The Brewery of Kalush

Jews of old Kalush

I have been discussing Jewish-owned breweries in pre-war Central and East Europe. There were quite a few, of different sizes.

One was in Kalush, as it is now called, a city in Western Ukraine, but first some notes on Jewish families and commerce in the city, as it was then.

The Geni site offers a crisp outline, stating:

 

KALUSH (Pol. Kalusz), city in Ivano-Frankovsk (Stanislavov) district in southwestern Ukraine, formerly within Poland; in 1772 it passed to Austria, reverting to Poland in 1919, and was within the U.S.S.R. from 1939 to 1991 when Ukraine gained independence.

 

The Kalush entry at Google Maps indicates the location, in the Carpathian foothills (via Google Maps):

 

 

Austria” before World War I denoted the Hapsburg Empire, aka the Dual Monarchy, which foundered in defeat in 1918. Kalush was in Galicia, a province of the Empire just as Czechia (Bohemia) was although it would stretch a point to say Galician lager shared the fame of Bohemia’s.

In 19th century Kalush, Jews traded in salt, lumber, and hides, and were active in industry, education, and the professions. They built many synagogues and schools. From a majority in 1880, the city’s Jewish component declined to a still-substantial one-third in 1939.

The loss was due in good part to severe depredations by Russian troops during World War I. Yet, nothing would match the Nazi ferocity that killed almost every Jewish man, woman and child in Kalush by 1943.

An image in Wikipedia Commons shows the Kalush market square before 1914:

 

 

If there was a golden time for the Jewish people in Kalush, it was then. Certainly the town’s brewery reached its apogee in Emperor Franz Joseph I’s Galicia.

Memories of the Brewery

A Holocaust survivor raised in Kalush, Tsufyah Shpilmen, recalled pleasant days in the compound of the brewery. The family’s home was there, due to her father’s position with the firm.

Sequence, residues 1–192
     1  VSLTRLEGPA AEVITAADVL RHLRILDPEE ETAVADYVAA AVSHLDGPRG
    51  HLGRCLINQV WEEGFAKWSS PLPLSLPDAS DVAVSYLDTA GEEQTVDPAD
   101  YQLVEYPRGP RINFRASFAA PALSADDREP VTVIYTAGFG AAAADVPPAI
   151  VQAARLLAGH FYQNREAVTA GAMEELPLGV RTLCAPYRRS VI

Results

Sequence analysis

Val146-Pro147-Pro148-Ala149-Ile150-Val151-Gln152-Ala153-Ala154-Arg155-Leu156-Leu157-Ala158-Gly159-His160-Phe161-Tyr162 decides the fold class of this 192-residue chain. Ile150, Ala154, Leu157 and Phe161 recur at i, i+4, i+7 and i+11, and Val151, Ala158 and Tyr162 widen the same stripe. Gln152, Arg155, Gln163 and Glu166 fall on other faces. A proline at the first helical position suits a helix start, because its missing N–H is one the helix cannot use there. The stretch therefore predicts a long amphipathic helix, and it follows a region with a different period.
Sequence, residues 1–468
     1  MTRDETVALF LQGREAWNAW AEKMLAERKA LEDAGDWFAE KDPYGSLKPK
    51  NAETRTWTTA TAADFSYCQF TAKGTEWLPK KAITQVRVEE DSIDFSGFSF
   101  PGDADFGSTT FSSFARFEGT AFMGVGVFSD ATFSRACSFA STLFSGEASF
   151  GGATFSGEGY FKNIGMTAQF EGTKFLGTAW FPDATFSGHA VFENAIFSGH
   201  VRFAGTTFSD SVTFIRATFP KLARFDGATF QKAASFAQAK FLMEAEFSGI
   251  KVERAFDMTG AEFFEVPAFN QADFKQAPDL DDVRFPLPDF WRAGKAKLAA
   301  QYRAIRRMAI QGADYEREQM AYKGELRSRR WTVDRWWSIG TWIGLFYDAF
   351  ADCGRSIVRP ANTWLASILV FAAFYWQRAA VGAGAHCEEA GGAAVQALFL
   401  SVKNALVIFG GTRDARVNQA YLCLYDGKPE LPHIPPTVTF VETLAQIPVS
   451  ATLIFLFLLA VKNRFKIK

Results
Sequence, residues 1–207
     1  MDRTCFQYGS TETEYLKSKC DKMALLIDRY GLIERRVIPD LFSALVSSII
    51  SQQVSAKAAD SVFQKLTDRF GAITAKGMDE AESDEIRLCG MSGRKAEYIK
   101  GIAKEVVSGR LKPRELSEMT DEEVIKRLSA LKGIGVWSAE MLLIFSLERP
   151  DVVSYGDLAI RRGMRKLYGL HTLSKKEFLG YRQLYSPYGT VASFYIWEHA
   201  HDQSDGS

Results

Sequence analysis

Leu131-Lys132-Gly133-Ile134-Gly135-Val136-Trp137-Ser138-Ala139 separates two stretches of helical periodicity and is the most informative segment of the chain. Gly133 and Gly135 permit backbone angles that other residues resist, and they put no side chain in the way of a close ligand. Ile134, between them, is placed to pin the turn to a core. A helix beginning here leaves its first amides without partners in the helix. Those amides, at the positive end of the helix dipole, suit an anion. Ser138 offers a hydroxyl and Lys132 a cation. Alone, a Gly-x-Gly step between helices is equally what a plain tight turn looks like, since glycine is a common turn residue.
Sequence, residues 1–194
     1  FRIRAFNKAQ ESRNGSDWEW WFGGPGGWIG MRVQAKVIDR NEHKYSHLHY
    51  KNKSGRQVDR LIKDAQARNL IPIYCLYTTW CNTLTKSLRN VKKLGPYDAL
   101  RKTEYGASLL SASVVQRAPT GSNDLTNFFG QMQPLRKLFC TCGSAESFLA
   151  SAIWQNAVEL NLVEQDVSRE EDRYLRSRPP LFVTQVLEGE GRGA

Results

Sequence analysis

Shpilmen recounted her girlhood memories for the Kalush Yizkor (memorial) volume published in Israel in 1980. Portions are reproduced in the JewishGen site, where I found them. The site memorializes vanished pre-war Jewish life in Europe.

She wrote (translation by Deborah Schultz):

Before I left Kalush, our family lived in “Browar,” the beer brewery. There Father worked as a directorate official. After our house was destroyed by fire in the First World War, we received an apartment in the domain of the factory. The two owners, Aba Milshtein and Leibtshah Shpindel, I see in my imagination as if they were standing before me. The chief and older of them had grey hair. They were both always wearing black suits; in their hands, Tyrolean walking sticks. When they grew very old, administration of the factory passed to their children: Zelig Milshtein and his son Mosheleh, and Leibtshah’s grandson, Shlomoh.

And further:

… Kalush, the town of my birth, the place where all my dear ones were destroyed, will not pull out of my memory. My heart is gripped each time I think about what happened there.

Remarkably, a period image on Facebook shows one of the owners she so vividly recalled, carrying his Tyrolean walking stick.

The image appears at 1:14-1:15 in a video uploaded to its Facebook page by the brewery.

The brewery still exists, in other words.

See middle video, second row, under “All Videos”. The brewery this man did much to create is now called Kalush Brewery.

Some Brewery History

Creditably, the brewery has posted a fairly detailed history on its website. In part it states (Google translation):

1870 The owners of the Kalusha brewery and distillery were private individuals – the Milstein, Schlinder and Weissman families, who owned the brewery until the beginning of World War II. They improved the equipment at the brewery and significantly increased the production of low-alcohol beverages. About 150 workers from local burghers, mostly residents of the villages of Khotyn and Pidhirka, as well as Zahirya, worked at the prestigious enterprise. According to statistics, more than 20,000 hectoliters of good quality beer were produced here annually. If necessary, the plant could double the production of low-alcohol beverage and increase its production to 45 thousand hectoliters. The brewery owned its own houses, had beer warehouses and a turbine for 100 horsepower …